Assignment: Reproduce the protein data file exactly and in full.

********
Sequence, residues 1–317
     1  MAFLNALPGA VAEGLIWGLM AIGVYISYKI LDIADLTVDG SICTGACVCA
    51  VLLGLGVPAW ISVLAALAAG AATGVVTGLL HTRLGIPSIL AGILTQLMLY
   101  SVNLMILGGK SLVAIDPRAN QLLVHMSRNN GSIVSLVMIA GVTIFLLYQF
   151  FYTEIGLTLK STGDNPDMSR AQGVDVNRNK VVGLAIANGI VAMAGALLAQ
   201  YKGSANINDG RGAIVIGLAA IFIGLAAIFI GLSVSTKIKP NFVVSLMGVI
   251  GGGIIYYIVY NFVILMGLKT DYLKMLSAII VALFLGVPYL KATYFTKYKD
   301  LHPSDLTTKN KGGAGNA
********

Sequence, residues 1–317
     1  MAFLNALPGA VAEGLIWGLM AIGVYISYKI LDIADLTVDG SICTGACVCA
    51  VLLGLGVPAW ISVLAALAAG AATGVVTGLL HTRLGIPSIL AGILTQLMLY
   101  SVNLMILGGK SLVAIDPRAN QLLVHMSRNN GSIVSLVMIA GVTIFLLYQF
   151  FYTEIGLTLK STGDNPDMSR AQGVDVNRNK VVGLAIANGI VAMAGALLAQ
   201  YKGSANINDG RGAIVIGLAA IFIGLAAIFI GLSVSTKIKP NFVVSLMGVI
   251  GGGIIYYIVY NFVILMGLKT DYLKMLSAII VALFLGVPYL KATYFTKYKD
   301  LHPSDLTTKN KGGAGNA